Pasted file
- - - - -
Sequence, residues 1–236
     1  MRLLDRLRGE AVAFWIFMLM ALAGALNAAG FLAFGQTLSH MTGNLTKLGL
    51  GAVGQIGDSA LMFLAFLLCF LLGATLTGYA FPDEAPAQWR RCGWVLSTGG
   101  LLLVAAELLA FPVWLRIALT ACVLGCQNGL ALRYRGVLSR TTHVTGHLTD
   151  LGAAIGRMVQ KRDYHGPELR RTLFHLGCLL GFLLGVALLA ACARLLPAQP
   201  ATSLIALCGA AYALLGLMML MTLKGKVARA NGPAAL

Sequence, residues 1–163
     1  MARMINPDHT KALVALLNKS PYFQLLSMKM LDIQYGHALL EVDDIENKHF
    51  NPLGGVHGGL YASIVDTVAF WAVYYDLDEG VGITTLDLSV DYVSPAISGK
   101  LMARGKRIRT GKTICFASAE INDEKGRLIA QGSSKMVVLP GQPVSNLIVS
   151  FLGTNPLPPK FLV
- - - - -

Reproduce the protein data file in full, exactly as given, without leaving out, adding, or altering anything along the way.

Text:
Sequence, residues 1–236
     1  MRLLDRLRGE AVAFWIFMLM ALAGALNAAG FLAFGQTLSH MTGNLTKLGL
    51  GAVGQIGDSA LMFLAFLLCF LLGATLTGYA FPDEAPAQWR RCGWVLSTGG
   101  LLLVAAELLA FPVWLRIALT ACVLGCQNGL ALRYRGVLSR TTHVTGHLTD
   151  LGAAIGRMVQ KRDYHGPELR RTLFHLGCLL GFLLGVALLA ACARLLPAQP
   201  ATSLIALCGA AYALLGLMML MTLKGKVARA NGPAAL

Sequence, residues 1–163
     1  MARMINPDHT KALVALLNKS PYFQLLSMKM LDIQYGHALL EVDDIENKHF
    51  NPLGGVHGGL YASIVDTVAF WAVYYDLDEG VGITTLDLSV DYVSPAISGK
   101  LMARGKRIRT GKTICFASAE INDEKGRLIA QGSSKMVVLP GQPVSNLIVS
   151  FLGTNPLPPK FLV